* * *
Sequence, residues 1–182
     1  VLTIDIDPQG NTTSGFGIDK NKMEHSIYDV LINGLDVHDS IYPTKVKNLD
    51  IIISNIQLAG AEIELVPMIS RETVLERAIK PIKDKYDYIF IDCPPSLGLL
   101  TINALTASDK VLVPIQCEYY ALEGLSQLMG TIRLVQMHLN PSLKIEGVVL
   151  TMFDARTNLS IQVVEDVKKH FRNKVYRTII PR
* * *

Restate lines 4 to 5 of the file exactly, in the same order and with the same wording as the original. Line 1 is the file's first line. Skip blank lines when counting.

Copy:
   101  TINALTASDK VLVPIQCEYY ALEGLSQLMG TIRLVQMHLN PSLKIEGVVL
   151  TMFDARTNLS IQVVEDVKKH FRNKVYRTII PR